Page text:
Better maternal care also reduces infant mortality. Babies are less likely to suffer birth injuries and less likely to be delivered early. For newborns, small differences in body size and lung function can be the difference between life and death. Nonetheless, effective treatments can be surprisingly simple. “Kangaroo mother care” — when an infant is held skin-to-skin with their mother — helps the baby maintain body temperature and can improve milk production and nursing. When there is a risk of early delivery, two doses of steroids can accelerate the baby’s lung development.
Infants and young children are especially vulnerable to infectious diseases, which can spread easily if clean water and sanitation are lacking.
Access to Clean Water and Sanitation
Infectious diseases were responsible for 45% of deaths among children under 5 in 2017. Lower respiratory infections and diarrheal diseases were the most deadly and still rank among the top 8 causes of death in adults.
Many infectious diseases can spread through unwashed hands and contaminated water, so providing access to clean water and sanitation has been a major priority. According to Our World in Data, 39% of people did not have access to safely managed drinking water in 2000, and that number is now 25%. In 2000, 71% of people did not have access to safely managed sanitation, and that number is now 46%. Notably, 6% of the population still practices open defecation. So much progress has been made, but much work remains to be done.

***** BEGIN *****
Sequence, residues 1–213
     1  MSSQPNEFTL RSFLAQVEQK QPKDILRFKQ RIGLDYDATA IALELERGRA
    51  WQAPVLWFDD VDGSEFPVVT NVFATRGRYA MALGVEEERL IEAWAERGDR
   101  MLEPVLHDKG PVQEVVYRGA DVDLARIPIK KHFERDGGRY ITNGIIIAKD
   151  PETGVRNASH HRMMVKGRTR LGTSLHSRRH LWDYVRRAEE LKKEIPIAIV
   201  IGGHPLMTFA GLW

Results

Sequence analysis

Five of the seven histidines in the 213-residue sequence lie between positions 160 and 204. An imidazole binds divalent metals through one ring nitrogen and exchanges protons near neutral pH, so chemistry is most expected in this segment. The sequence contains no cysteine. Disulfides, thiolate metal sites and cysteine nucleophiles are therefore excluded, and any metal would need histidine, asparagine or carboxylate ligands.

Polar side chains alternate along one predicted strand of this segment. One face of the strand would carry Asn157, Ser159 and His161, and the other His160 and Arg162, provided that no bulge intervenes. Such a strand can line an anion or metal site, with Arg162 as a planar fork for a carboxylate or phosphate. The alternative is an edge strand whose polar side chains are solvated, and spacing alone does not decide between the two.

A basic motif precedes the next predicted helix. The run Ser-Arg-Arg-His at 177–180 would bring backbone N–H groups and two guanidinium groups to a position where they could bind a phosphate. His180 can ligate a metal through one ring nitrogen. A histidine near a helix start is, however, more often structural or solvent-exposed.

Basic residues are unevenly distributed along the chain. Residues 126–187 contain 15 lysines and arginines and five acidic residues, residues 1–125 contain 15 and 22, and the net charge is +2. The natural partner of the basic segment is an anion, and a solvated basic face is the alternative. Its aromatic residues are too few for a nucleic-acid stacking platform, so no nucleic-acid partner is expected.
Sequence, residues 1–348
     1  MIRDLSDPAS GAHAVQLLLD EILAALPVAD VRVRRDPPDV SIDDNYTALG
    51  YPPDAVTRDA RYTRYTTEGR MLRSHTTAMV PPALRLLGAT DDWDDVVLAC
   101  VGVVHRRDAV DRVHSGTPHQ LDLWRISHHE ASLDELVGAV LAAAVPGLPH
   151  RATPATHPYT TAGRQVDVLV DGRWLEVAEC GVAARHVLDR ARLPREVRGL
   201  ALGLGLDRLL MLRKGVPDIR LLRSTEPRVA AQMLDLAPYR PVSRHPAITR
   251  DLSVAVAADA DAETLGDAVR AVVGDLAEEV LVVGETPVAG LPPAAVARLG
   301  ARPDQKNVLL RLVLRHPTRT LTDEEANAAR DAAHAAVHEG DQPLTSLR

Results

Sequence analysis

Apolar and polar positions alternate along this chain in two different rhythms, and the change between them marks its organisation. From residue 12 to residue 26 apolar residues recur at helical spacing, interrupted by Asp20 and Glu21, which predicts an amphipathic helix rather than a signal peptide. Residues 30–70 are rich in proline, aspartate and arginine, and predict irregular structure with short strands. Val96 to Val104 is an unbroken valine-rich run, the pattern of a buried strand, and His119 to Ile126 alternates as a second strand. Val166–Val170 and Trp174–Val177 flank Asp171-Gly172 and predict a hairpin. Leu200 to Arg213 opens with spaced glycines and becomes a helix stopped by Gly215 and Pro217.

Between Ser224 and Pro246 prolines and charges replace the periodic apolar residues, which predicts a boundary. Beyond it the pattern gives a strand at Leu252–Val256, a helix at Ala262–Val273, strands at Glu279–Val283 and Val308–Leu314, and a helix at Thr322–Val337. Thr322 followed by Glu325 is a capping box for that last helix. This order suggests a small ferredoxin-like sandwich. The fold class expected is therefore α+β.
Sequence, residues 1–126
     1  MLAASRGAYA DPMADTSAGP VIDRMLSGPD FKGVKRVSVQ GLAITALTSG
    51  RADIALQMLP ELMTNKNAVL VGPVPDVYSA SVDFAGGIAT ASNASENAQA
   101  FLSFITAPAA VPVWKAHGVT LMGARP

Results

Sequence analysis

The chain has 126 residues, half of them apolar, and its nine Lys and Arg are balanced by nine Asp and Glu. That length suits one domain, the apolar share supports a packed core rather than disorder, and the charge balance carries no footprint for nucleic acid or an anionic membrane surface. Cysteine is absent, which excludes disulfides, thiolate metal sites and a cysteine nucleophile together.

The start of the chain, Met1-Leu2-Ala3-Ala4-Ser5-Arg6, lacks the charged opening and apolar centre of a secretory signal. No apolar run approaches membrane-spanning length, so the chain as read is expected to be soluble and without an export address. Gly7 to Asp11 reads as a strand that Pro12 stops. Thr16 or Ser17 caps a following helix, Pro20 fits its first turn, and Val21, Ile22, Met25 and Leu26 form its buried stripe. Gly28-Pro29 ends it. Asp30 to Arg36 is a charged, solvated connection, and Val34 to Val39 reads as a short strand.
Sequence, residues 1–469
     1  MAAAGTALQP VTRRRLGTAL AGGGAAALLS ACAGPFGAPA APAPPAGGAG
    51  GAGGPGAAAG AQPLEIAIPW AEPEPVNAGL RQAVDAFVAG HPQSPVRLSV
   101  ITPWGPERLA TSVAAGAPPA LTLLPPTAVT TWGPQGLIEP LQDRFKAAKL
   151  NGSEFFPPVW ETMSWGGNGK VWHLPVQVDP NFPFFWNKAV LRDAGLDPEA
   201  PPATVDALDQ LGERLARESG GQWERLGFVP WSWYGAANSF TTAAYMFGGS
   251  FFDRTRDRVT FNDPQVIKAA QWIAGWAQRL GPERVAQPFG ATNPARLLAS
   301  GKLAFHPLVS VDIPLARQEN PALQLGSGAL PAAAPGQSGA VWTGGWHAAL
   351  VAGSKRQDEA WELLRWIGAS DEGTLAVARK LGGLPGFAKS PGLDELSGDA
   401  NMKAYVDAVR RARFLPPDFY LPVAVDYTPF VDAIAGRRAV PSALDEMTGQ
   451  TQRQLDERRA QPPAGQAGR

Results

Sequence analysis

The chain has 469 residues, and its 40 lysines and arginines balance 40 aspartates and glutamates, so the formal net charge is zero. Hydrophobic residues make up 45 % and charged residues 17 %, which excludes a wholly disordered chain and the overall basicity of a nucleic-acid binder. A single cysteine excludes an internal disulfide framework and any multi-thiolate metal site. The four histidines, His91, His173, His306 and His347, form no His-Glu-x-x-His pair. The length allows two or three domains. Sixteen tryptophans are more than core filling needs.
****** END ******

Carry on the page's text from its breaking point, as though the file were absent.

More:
Vaccines and Antibiotics for Infectious Disease
Vaccination is perhaps the most successful and cost-effective medical intervention ever. Consider smallpox, which killed 300 million people in the 20th century alone. After a global vaccination effort in the 1960s and 1970s, the last naturally occurring case of smallpox was reported in 1977.
Other vaccines have undoubtedly altered the course of history by targeting polio, tetanus, measles, mumps, rubella, whooping cough, rotavirus, diphtheria and coronavirus (which causes COVID-19). You likely know a lot about one of these diseases, and very little about the others. For that, you can thank the effectiveness of vaccines.
Some vaccines target diseases that impact specific geographic areas (e.g. dengue, Japanese encephalitis), affect small numbers of people (e.g. rabies), or cause harm years after the initial infection (e.g. Human papillomavirus). Most vaccines target viral infections, while antibiotics are highly effective against bacterial infections.
Preventing and Treating Non-communicable Diseases
How has life expectancy changed in the last 100 years? People are living longer and longer. Data from England and Wales shows that in 1851, only 70% of people made it to their 10th birthday, only 47% reached 50, and only 20% reached the age of 73. In 2011, 97% reached age 50, 80% reached 73, and 50% could expect to live to 84.
People are now contending with diseases of old age, wealth and bad habits, (such as high-fat diets). The top 10 causes of death worldwide now include heart disease, stroke, cancer, Alzheimer’s disease and diabetes. The medical community has developed effective ways to screen for risk factors. Routine screenings include blood pressure, blood sugar, cholesterol levels, pap smears, colonoscopies, etc. Early detection and better treatments have improved survival.
With all of these advances, the process of preventing, detecting and treating these diseases may soon feel as mundane as washing your hands with soap and water.